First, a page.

The Jacqueline du Pré Music Building acknowledges the supreme achievement of another world-class artiste who did not live to see her talent fully realised. It happens to be sited in the first university to be established in the British Isles specifically for female scholars. It is therefore of great significance to the ethos – expressed by UNESCO and the Thelonious Monk Institute of Jazz to describe International Jazz Day – that such an iconic presence as that of the music of Lady Day will feature within the walls of this prestigious institution.

Carroll Thompson has established herself as the quintessential singer of Lovers Rock, but for this special occasion, alongside Jean Toussaint, tenor and soprano saxophonist and former Musical Director of the late Art Blakey’s Jazz Messengers, she has chosen to present the songs of Billie Holiday which best evoke the spirit of Lady Day! Kate Williams on piano, Neville Malcolm on double bass and Winston Clifford on drums complete the line-up of the UK’s finest. To open the evening, the Liberty Gospel Ensemble will introduce their beautiful vocal harmonies to a fine setting!

*Admission: £22.50 (Concessions: £10.00 – Limited availability to Students with valid NUS ID!)

Tickets: Buy Online www.accessuktickets.co.uk
(Subject to Booking Fee!)

@ Edward Boyle Auditorium
Jacqueline du Pré Music Building
St. Hilda’s College
Cowley Place
Oxford OX4 1DY

Taste of the Tropics will have delicious Caribbean Cuisine on Sale!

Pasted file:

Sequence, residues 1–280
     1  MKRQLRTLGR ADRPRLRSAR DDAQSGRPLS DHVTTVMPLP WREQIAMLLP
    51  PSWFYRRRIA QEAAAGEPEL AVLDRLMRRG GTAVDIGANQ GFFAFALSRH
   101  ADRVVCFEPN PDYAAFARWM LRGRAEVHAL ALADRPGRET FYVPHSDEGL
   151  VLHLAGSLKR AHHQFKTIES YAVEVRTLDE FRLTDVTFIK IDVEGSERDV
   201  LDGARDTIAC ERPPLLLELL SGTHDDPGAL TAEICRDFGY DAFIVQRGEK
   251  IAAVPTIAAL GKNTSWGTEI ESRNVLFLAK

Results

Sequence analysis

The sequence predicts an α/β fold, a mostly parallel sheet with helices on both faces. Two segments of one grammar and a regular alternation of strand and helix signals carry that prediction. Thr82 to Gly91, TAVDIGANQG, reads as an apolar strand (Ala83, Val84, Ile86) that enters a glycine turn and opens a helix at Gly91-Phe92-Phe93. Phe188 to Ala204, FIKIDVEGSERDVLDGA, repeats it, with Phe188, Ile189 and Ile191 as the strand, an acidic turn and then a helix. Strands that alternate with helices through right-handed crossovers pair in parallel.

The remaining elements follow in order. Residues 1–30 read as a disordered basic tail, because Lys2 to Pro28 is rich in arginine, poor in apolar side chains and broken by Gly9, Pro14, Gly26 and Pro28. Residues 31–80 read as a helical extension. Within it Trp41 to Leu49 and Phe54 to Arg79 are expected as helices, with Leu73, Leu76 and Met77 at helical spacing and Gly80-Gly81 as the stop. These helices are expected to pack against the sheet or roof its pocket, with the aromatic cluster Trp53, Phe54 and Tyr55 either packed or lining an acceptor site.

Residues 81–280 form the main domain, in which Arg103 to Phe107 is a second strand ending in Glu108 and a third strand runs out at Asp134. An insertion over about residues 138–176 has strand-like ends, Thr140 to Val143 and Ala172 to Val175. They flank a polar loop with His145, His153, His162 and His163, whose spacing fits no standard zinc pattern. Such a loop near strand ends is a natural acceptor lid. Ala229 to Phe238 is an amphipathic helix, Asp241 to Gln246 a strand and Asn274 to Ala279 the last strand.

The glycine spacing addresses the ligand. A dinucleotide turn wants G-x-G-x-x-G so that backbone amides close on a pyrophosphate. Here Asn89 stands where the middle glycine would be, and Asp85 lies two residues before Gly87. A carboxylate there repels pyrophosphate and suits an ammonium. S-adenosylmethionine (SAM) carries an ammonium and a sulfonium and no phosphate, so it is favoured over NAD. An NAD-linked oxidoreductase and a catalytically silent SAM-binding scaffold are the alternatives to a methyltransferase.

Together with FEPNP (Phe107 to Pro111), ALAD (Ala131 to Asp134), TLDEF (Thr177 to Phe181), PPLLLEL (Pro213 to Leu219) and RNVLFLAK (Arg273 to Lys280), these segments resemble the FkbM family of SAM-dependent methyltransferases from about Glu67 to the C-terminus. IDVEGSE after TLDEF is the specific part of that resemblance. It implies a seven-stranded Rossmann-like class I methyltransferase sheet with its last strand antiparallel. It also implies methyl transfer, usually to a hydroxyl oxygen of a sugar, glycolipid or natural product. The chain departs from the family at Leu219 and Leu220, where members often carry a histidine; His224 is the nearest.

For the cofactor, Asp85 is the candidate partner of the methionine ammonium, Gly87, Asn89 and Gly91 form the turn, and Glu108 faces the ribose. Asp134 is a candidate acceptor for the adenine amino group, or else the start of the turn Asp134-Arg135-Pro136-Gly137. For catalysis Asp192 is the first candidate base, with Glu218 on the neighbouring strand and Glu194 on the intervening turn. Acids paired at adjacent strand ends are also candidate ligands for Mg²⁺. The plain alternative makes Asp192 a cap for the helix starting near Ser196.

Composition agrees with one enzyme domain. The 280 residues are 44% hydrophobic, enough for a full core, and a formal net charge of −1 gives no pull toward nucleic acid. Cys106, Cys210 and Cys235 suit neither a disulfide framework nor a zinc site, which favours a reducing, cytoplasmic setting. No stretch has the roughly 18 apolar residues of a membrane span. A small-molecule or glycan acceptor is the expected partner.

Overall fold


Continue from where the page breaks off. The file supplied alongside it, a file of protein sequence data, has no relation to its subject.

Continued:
Roots ‘n’ Culture will have Books and Cultural Gifts on Sale!

There is a special expression of gratitude to our Title Sponsors


whose support has been critical to realising the enterprise.

Contact: Ra Hendricks – Jazzmo’thology
Mobile: 07931 263 617

Billie Holiday Website: http://www.billieholiday.com/
International Jazz Day Website: http://jazzday.com/
Jacqueline du Pré Music Building: http://www.st-hildas.ox.ac.uk/jdp-music-building

African Odysseys @ British Film Institute will be showing the live stream of the UNESCO IJD concert taking place at 6.30p.m. on the 30th in Paris and headlined by Herbie Hancock, Dee Dee Bridgewater, Dianne Reeves et al! Admission is Free


Chris Lightcap’s Bigmouth ‘Epicenter’ (Clean Feed) 4/5

chris-lightcapOver ten years ago Chris Lightcap assembled together a group of musicians that developed into “Bigmouth”, a somewhat raucous, jazz-rock inflected group with avant-garde tendencies and more than a touch of the unexpected. Lightcap recollects, “I just put us all together to amuse myself and see what would happen”. What did happen was a creative powerhouse in the making. “Epicenter” is the band’s much-anticipated follow-up to the critically acclaimed 2010 release “Deluxe”. Featuring two profoundly original tenor saxophonists, Tony Malaby and Chris Cheek, keyboardist/organist/pianist Craig Taborn and drummer/percussionist Gerald Cleaver, together they join leader/bassist/guitarist/organist Lightcap to create an album filled to the brim with musical originality and personality. Chris Lightcap is a celebrated composer and bassist who has worked with a wide-ranging array of artists including Marc Ribot, Regina Carter, Tomasz Stanko and Matt Wilson. His obvious appreciation for something slightly off the wall shows here; the music on “Epicenter” draws influences from many musical corners, always edgy, often harmonious, sometimes discordant (in a beautiful way) and occasionally nonsensically brilliant. This is a big sound, the two tenors flexing their musical muscles as they create daring, yearning, tensely wound melodies that are underpinned by the propulsive, driving force of the rhythm section. Taborn features prominently throughout, his bold illuminating sounds weaving a trail of light and dark in equal measure. Lightcap was recently awarded a prestigious Chamber Music America New Jazz Works grant, which commissioned the original compositions featured on “Epicenter”. He wrote pieces inspired by various touchstones and cultural landmarks of his adopted home, New York City.